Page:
The disadvantage of using tape is that it does not work well with data that changes frequently. Usually only one tape backup is made per night, so the latest data is always left unprotected. You also need to find a safe place to store the tapes to prevent data theft or vandalism.
The most common medium in today’s backup strategy for small businesses are portable hard drives as a backup target. This backup medium has similar advantages and disadvantages as tape. They are inexpensive, relatively fast, easy to store and transport and generally more convenient than lower capacity removable media such as optical discs. However, hard disks are usually more expensive than magnetic tapes and – unlike tape – do not survive a fall from a great height. So you should handle them very carefully.
Another problem is the frequency of backups. Here Continuous Data Protection (CDP) is recommended. CDP is a method of continuous data protection. It continuously backs up data to a number of hard disks within a backup server or appliance. CDP backups are performed continuously so that the latest data is protected. However, the drawbacks are that CDP backups are more complex than simple tape or portable disk backups, are not portable, and are very expensive. Since CDP backups are not portable, it is common practice to copy backup data to tape or the cloud for offsite storage. This increases the level of protection, but also increases the cost and complexity of the backup.
Off to the cloud?
Another popular option of a backup strategy for small businesses is cloud backup. Cloud backups are reliable, but they are not suitable for backing up large amounts of data. This is because the cost of transferring and storing data rises exorbitantly as data volumes increase. In addition, the relatively low Internet bandwidths can make backing up or restoring data from the cloud impractical – especially if the data volumes are very large. For these reasons, many companies only use the cloud as a secondary backup.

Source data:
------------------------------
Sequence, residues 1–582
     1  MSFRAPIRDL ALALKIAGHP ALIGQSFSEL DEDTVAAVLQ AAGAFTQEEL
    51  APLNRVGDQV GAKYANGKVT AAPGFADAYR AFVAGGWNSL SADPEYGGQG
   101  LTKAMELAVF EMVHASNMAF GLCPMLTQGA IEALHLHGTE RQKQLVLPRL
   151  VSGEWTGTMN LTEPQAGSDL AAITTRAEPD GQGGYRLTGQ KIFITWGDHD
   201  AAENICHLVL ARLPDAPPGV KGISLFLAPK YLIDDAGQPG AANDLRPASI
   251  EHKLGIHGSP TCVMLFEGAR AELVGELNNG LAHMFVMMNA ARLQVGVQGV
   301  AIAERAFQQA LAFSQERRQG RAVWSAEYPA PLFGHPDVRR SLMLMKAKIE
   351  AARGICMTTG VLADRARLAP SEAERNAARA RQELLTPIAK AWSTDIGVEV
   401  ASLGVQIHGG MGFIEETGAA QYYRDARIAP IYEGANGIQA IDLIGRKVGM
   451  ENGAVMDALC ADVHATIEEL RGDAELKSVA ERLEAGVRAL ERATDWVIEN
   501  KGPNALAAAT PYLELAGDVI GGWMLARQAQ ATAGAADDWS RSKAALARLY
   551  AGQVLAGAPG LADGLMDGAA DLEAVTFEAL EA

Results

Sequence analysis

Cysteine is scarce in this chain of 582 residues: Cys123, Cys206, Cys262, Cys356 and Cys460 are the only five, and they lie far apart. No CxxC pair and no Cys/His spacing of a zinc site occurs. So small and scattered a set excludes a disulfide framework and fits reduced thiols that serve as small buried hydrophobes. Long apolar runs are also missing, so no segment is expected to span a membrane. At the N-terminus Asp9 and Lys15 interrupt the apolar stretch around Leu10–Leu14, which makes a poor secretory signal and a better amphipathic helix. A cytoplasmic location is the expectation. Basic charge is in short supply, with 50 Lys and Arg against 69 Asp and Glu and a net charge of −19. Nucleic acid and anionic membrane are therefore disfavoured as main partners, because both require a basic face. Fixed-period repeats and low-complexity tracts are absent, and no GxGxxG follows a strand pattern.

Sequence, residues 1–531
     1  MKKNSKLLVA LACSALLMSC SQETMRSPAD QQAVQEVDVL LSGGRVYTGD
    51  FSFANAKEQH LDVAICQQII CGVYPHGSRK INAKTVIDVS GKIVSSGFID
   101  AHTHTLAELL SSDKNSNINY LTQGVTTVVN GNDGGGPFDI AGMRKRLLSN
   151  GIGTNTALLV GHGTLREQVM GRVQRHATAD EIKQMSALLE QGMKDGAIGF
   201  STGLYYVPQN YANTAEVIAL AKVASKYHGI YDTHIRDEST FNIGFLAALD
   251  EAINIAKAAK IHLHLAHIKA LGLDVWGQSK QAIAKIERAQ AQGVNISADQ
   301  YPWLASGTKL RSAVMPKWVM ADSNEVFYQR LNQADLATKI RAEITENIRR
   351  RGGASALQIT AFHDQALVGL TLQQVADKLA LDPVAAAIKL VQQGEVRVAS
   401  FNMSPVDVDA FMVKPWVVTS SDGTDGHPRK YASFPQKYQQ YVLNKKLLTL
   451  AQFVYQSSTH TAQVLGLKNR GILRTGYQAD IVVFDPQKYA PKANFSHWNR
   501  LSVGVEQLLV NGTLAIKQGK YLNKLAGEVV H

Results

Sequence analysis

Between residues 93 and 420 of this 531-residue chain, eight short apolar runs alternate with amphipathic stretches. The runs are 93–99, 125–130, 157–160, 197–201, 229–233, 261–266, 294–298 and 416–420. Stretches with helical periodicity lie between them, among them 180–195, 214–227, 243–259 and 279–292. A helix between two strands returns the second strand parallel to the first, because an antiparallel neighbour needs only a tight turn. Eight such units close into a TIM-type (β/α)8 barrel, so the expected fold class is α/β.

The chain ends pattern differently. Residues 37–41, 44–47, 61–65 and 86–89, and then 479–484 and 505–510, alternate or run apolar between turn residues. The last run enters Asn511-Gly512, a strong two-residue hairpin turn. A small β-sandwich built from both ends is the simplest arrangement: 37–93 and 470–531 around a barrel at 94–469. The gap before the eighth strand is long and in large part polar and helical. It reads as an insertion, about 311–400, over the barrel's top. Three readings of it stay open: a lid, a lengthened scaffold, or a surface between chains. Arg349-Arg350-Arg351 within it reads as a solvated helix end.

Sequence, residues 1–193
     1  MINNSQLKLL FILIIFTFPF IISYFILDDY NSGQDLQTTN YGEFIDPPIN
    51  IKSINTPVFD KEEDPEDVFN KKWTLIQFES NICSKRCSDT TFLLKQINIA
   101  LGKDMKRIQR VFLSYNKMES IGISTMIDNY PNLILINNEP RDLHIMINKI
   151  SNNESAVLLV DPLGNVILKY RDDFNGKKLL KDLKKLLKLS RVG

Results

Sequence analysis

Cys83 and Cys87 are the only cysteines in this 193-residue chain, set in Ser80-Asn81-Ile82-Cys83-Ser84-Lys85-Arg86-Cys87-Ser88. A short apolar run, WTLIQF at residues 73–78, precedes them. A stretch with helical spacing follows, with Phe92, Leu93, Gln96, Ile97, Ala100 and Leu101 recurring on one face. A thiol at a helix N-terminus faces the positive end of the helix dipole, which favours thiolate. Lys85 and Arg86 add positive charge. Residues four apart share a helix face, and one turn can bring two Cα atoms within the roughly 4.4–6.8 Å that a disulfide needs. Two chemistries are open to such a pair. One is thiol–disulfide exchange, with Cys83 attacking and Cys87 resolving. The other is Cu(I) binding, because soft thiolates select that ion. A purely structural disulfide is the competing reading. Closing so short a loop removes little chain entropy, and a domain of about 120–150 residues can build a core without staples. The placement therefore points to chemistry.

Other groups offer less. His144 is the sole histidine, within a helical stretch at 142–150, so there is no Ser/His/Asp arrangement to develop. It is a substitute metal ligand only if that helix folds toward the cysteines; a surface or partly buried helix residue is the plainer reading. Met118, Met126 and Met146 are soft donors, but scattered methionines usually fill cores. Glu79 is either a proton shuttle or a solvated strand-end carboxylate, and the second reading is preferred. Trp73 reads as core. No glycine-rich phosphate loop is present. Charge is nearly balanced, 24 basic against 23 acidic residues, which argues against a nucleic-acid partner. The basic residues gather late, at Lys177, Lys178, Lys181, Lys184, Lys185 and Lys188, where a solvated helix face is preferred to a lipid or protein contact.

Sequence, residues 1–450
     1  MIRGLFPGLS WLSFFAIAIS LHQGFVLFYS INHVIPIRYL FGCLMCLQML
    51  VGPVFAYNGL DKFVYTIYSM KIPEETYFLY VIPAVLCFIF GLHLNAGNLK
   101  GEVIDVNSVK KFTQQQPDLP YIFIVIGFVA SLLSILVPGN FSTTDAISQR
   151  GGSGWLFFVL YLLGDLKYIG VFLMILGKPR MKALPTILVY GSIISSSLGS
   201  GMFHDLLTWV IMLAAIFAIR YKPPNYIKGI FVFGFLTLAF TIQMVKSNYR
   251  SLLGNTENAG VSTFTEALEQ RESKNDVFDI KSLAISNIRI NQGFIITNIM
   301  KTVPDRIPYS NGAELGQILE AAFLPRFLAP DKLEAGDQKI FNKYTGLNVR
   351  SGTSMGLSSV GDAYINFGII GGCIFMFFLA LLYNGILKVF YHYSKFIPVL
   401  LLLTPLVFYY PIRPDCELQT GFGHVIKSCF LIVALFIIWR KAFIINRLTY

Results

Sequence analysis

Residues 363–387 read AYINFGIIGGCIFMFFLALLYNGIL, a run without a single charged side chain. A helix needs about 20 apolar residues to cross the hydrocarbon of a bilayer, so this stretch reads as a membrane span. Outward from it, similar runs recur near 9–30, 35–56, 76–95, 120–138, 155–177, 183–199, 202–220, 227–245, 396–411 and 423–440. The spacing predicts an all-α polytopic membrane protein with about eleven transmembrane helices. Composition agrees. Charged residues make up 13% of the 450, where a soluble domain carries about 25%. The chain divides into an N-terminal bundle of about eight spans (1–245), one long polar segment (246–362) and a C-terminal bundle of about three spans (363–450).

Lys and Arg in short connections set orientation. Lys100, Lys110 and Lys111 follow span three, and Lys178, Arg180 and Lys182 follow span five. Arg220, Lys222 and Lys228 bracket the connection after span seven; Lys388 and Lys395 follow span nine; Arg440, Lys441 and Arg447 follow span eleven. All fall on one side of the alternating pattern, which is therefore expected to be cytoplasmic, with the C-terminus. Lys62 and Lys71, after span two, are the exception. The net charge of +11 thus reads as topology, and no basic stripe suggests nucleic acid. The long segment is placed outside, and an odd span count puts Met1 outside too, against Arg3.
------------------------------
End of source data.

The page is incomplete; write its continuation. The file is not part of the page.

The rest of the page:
In purely physical terms, virtual outsourcing of data to the cloud is the safest way to back up data – but this also depends on basic confidence in data security and compliance with security standards. With a cloud backup, a company puts the responsibility for data protection in someone else’s hands. This appears to be convenient because of the convenient automatic updates as well as from a cost and efficiency point of view. In times of proven industrial espionage, however, a company should consider this step carefully – and check conditions, security standards and evaluations.
Nevertheless, cloud backup products aimed at small businesses are an attractive security option. They are often designed for people with minimal technical experience and can be a good choice especially in companies with limited IT resources.
Small businesses need to be aware of their own data protection needs and choose a product accordingly. You should consider how often data needs to be backed up, how quickly data needs to be restored – and most importantly: what a company can afford.